However, often they will start in roles where expectations get shattered as they’re doing lots of work that seems less interesting than what was promised. But Google or Amazon also need people to do mundane work as well as the more exciting things, so this is a challenge for every organisation.

There was agreement that young data scientists often have inflated expectations. One customer said that there is often a risk of new recruits leaving after just six months if they feel the work they’re doing is not new or ground-breaking. But the reality is businesses need help with day-to-day needs and are not always able to supply lots of interesting new challenges.

Young data scientists often prefer certain codes or languages (and SAS is perceived by some as a less exciting tool to use). Again, the business reality is often not fully appreciated. It was pointed out that when customers have allowed employees to build solutions using new open source technology and then leave, there is sometimes no one left who knows how it works.

Established businesses want reliability and some data scientists might be better off working with a start-up if they only want to be pioneering and build bespoke solutions using open source technology.

Attracting people who can work across business and IT often comes down to the structure of the organisation. How do you embed analytics in the business? You need to find people with skills, but then it’s about retention and career progression. You can’t just find people with these capabilities, so an important part is training and developing skills in the areas where they’re needed.

As the market is so competitive, career progression is wanted in a matter of months or just a few years. Sometimes the only progress that can be made is to a manager role, but the employee might have few people to manage or not be suited to people management. One progression that could be made is for an expert to develop into the ‘data strategist’ role described above.

Regarding training and development, you need to work on the hard, soft and business skills. One option is to provide them with rotation across the business, and look at cross-sharing skills between different employees so they learn from each other. That can help create the analyst that is a data democratiser, that can bridge the gap between data analytical and business skills.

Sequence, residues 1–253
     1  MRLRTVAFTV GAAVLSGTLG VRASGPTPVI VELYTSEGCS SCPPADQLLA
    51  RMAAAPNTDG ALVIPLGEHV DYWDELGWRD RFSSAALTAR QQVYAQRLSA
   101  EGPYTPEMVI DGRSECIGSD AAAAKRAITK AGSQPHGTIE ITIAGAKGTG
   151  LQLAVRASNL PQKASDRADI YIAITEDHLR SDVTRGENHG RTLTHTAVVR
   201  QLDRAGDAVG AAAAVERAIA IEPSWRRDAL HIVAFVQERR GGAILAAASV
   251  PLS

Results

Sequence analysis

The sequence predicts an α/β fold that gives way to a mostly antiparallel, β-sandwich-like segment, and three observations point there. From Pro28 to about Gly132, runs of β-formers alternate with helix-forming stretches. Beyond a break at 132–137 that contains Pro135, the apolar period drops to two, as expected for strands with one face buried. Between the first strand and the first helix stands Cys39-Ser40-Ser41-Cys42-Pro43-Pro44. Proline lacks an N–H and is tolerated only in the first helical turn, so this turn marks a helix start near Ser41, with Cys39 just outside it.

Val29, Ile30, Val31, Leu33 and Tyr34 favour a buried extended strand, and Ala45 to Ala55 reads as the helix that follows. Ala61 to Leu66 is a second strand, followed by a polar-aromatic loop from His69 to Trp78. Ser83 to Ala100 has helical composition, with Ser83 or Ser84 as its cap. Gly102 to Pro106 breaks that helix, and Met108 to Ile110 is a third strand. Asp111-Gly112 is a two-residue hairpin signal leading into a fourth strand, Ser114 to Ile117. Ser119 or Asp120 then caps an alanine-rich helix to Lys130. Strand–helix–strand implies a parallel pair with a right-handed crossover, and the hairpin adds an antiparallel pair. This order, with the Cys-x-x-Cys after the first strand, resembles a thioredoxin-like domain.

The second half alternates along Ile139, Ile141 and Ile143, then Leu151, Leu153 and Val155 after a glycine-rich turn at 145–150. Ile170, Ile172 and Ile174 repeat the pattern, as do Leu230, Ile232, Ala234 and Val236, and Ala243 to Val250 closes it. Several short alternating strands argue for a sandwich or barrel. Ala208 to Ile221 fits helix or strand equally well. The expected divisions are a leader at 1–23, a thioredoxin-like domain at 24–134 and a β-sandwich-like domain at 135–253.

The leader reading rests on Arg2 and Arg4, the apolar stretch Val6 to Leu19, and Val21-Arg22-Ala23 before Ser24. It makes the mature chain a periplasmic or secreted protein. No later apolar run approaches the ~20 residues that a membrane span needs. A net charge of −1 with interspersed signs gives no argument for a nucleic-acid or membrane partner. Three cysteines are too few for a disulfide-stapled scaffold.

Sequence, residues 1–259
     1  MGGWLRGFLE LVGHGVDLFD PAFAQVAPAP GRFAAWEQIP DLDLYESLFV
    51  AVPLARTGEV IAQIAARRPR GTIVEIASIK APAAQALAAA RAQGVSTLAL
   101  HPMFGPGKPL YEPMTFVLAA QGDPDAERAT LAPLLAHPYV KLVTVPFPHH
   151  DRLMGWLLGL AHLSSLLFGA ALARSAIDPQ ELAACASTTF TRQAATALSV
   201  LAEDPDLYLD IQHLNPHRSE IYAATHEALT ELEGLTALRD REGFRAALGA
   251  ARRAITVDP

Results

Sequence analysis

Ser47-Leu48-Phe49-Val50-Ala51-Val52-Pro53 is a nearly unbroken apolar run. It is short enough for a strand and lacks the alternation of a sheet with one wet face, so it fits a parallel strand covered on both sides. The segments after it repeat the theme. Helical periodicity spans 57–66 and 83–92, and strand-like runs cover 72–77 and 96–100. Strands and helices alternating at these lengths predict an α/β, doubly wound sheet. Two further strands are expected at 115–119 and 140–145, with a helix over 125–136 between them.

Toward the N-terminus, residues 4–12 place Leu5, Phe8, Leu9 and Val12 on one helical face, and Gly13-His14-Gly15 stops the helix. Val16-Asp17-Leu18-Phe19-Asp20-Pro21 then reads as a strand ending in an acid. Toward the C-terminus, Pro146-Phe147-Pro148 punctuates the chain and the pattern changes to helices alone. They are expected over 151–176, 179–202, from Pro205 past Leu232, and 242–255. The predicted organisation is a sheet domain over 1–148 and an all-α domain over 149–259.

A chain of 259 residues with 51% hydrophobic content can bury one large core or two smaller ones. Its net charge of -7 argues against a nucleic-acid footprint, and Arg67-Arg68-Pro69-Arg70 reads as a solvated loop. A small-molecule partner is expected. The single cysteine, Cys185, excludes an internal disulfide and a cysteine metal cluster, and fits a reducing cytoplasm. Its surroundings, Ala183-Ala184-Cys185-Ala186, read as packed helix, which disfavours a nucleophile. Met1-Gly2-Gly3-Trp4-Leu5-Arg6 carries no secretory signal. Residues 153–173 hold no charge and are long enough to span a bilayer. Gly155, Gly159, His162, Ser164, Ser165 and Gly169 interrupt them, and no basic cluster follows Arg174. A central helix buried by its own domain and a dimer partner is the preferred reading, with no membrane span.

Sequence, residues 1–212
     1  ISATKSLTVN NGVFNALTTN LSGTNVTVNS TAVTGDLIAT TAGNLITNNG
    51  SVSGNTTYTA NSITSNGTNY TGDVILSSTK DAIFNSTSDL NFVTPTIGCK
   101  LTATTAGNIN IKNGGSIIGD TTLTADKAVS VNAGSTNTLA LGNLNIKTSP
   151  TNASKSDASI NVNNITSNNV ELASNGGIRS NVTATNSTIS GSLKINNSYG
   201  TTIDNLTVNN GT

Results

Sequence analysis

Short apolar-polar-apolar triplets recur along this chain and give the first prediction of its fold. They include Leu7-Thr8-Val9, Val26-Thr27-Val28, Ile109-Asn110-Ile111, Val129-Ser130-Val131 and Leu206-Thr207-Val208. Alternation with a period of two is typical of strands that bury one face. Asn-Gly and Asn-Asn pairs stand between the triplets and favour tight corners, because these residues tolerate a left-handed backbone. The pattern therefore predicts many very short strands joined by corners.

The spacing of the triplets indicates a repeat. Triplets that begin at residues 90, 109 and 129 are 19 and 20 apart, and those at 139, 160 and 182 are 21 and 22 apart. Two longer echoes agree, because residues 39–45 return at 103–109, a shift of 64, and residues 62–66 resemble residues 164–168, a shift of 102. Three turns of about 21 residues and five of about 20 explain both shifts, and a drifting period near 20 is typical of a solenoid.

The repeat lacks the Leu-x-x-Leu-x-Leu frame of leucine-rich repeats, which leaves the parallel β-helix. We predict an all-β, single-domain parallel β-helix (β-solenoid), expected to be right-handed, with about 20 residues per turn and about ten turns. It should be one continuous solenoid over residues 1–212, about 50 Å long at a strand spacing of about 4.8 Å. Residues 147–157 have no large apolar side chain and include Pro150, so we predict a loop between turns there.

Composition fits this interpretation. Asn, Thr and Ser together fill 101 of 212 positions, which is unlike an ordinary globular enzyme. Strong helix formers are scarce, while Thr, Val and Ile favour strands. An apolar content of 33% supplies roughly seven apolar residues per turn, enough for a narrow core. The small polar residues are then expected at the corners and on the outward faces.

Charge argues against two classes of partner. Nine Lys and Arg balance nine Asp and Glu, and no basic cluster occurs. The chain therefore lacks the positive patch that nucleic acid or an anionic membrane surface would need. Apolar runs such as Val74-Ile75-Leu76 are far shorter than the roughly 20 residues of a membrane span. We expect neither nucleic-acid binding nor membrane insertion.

What are the incentives to retain employees?

One of the retention tactics was showing the analytics team the value of their output, and giving credit to their role in achieving this.

Sometimes, analytical teams must regularly report what they cost to the business, what was delivered and the value of what was done. If results are positive than can be motivating. Otherwise it’s important to give them a chance to re-align how they work. Keeping people integrated in the business is crucial.

It’s important to know what good looks like. Good is having this ‘thought partnership’ – the business comes to the data science team with a problem and trusts them to solve that problem. Or the analytics team might go to the businesses in a proactive way after identifying a problem in the first place.

Data scientists should see themselves as a part of a continuous business system, and not as a separate and isolated unit.

Mike Blanchard is director of customer intelligence solutions, North EMEA, at SAS

Further reading on the skills gap

Owen Gough, SmallBusiness UK

Owen Gough

Owen was a reporter for Bonhill Group plc writing across the and titles before moving on to be a Digital Technology reporter for the

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Skills gap